Focus on businesses with strong cash flows

By Ravi Samalad |  04-08-20 | 
 
No Image
About the Author
Ravi Samalad is Assistant Manager - Editoral for Morningstar.in.

Pankaj Tibrewal is senior vice president at Kotak Mahindra Asset Management Company. He is also the fund manager of Kotak Small Cap Fund.

He believes that businesses with strong cash flows, and companies that rely on domestic growth are the ones that will outperform in the near future.

What are the main parameters you consider when picking stocks?

There are four broad parameters we consider while picking stocks:

  • Business: Good and sustainable.
  • Management: Good and honest.
  • Pricing: Growth at a reasonable price. The companies should be available at an attractive price from a margin of safety perspective.
  • Capital ratios: Focus on cash flow and balance sheet more than the profit and loss account.

We normally avoid companies which have weaker balance sheets, very high fixed costs, inferior cash flows, high leverage and have had corporate governance issues. Companies which don’t earn a return on equity over cost of capital tend to destroy value for shareholders.

You use the word “good” twice with respect to business and management. Explain it a bit.

A good business is one which has competitive advantage and can generate high return on capital for a sustainable period of time.

We believe businesses which can grow their profits along with cash flows could probably generate sustainable returns for investors. Markets tend to be less charitable in giving multiples to businesses which are only growing their profits but not cash flows. Companies which have sustainable cash flows are scalable.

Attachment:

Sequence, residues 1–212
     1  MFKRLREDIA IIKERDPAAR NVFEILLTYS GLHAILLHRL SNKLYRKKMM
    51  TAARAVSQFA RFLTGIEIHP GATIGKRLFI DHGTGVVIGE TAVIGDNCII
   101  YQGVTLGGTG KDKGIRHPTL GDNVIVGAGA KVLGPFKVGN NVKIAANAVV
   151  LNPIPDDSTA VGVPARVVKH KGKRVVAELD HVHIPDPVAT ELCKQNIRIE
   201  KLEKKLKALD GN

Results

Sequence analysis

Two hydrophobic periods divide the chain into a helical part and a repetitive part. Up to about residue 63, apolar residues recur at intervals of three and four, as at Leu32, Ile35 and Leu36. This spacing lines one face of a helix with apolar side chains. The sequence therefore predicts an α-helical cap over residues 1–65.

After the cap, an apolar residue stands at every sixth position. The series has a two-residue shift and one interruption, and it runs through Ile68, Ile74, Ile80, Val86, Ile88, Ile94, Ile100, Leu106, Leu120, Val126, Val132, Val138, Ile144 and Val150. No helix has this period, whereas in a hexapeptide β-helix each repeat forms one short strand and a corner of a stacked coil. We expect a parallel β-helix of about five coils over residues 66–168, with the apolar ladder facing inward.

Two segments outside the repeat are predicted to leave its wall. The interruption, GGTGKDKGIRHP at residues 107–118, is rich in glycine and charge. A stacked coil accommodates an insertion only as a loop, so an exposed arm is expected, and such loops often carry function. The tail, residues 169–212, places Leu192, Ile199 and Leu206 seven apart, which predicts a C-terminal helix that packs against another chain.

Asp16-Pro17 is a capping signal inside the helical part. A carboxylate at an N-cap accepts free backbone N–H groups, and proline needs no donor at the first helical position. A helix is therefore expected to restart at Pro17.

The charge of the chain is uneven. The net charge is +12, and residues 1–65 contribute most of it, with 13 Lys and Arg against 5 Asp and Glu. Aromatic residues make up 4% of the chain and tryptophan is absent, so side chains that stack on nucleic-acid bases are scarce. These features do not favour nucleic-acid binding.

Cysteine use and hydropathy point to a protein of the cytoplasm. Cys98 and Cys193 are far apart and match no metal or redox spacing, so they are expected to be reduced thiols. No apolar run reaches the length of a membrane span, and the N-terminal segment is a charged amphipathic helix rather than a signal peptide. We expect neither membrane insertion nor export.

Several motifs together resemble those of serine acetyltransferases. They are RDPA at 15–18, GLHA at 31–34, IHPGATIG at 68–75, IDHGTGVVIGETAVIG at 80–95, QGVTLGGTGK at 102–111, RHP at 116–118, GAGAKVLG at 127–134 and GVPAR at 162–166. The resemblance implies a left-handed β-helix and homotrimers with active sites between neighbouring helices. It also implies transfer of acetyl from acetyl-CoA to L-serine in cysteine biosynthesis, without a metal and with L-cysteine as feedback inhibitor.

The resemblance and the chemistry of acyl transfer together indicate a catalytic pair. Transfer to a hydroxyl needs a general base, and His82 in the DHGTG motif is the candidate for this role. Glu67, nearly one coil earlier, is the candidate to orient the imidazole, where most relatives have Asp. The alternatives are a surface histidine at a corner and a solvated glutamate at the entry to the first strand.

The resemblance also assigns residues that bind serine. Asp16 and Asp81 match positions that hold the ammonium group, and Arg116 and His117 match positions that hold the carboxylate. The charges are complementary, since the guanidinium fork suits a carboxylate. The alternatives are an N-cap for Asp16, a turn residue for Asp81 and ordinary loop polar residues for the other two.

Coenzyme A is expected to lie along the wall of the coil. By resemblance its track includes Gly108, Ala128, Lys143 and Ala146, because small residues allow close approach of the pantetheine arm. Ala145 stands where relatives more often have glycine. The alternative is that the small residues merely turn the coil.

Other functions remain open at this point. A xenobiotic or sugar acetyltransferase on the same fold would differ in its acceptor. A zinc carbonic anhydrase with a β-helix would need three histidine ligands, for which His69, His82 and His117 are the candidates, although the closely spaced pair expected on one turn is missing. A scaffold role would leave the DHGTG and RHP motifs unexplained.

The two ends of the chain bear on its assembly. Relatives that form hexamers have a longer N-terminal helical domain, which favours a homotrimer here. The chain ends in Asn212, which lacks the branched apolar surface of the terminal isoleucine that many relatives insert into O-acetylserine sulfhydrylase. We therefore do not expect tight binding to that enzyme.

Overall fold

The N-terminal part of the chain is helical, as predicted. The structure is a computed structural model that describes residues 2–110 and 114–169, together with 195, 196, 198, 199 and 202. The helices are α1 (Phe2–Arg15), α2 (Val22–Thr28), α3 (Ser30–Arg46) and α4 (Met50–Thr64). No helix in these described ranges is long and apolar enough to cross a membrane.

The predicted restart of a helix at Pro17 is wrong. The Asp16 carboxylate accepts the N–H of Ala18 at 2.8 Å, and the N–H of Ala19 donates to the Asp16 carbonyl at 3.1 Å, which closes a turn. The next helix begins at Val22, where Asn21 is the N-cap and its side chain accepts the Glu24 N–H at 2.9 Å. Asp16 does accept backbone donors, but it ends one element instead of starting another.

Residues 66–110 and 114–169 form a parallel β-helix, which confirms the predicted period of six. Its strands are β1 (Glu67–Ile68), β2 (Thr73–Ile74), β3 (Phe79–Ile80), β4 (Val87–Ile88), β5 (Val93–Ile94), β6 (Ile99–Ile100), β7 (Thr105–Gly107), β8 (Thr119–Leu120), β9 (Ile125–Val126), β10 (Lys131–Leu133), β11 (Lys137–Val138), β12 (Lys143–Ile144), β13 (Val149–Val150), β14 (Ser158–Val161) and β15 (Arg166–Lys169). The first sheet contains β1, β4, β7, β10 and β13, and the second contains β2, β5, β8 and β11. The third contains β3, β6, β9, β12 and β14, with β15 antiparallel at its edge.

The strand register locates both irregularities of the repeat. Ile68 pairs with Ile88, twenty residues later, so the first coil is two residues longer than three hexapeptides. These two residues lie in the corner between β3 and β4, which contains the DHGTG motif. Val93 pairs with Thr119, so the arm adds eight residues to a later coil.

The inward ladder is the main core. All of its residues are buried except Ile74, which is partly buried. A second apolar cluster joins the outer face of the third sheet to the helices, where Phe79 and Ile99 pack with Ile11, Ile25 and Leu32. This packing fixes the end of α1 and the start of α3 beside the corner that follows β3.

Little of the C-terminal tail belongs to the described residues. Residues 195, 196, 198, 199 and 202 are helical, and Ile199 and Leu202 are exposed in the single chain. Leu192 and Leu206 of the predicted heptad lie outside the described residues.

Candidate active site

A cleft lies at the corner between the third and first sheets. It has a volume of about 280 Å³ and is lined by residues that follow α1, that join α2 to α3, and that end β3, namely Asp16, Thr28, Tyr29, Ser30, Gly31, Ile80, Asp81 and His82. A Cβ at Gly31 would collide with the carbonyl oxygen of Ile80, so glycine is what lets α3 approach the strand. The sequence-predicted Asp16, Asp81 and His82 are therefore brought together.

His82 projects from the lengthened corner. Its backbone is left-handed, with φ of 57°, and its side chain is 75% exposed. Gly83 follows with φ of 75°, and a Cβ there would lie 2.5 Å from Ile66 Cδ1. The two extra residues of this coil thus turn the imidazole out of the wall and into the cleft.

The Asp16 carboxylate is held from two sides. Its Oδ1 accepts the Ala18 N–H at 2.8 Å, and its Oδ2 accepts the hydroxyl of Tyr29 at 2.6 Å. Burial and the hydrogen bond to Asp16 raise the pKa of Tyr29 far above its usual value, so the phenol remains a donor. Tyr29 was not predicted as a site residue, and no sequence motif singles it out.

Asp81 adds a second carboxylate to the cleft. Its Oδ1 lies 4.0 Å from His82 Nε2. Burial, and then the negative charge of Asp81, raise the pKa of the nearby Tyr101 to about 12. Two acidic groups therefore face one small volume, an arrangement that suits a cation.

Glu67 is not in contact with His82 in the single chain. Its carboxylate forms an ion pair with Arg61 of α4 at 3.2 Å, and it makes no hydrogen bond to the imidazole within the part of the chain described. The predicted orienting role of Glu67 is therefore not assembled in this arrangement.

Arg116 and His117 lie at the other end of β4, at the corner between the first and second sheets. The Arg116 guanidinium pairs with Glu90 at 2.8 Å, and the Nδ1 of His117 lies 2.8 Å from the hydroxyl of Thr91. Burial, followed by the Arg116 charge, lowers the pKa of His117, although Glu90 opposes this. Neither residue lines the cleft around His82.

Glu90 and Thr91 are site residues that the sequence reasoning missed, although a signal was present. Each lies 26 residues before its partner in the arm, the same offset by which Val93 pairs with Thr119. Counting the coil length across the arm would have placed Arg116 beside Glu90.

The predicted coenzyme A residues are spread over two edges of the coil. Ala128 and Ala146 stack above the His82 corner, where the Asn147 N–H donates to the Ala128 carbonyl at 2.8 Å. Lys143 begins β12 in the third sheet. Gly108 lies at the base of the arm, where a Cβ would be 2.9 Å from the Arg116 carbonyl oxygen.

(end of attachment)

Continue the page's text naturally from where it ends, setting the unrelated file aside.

In mid and small cap companies, promoters and management play an important role in scaling up the business. Hence, we look at the track record of management in terms of integrity, longevity and capability. Promoters who have skin in the game tend to do things which are in the interest of minority shareholders.

When do you decide to exit companies?

We don’t churn portfolios often across our schemes. Our philosophy is Gorilla to King Kong. We own about 40-60 stocks which can be termed as Gorilla. Some of them may turn into King Kong.  They will make mistakes also, but they should not be large enough to drag down the portfolio.

Every company goes through a life cycle. Our philosophy is to see them ride over the lifecycle. There is never a company which is perpetually into a growth mode. Even growth companies don’t keep growing till perpetuity. We need to understand where in the lifecycle of the company it is currently positioned. If the company’s market share has saturated, then you may not get multiples which are very high. So there are many trigger points to sell.

We also exit from companies where we see any corporate governance issues or balance sheet and cash flow deterioration.

Kotak Small Cap has 56 stocks in the portfolio as on June 2020. Is the large holding meant to cut down risk?

This is to make sure we make less mistakes. It also helps from a diversification perspective. In small caps, the risk of mortality is high. Some calls may go wrong, but they should not be large enough.

Diversification is also important to generate liquidity. Around 70% of Kotak Small Cap portfolio is in small caps and the remaining is in a mix of large and mid-caps. So this helps mitigate the liquidity risk. No stock in the portfolio is so large to make an impact on the price when we trade. We have internal risk model to ensure our portfolios are invested in liquid stocks.

Which kind of businesses/sectors in the small cap space are likely to bounce back faster when things return to normalcy?

The FY21 earnings will be impacted by the lockdown. A broader recovery in earnings will be visible in second half of FY21 assuming the COVID situation comes under control. Beyond the near-term volatility, the markets will focus on the long-term sustainable earnings growth of companies.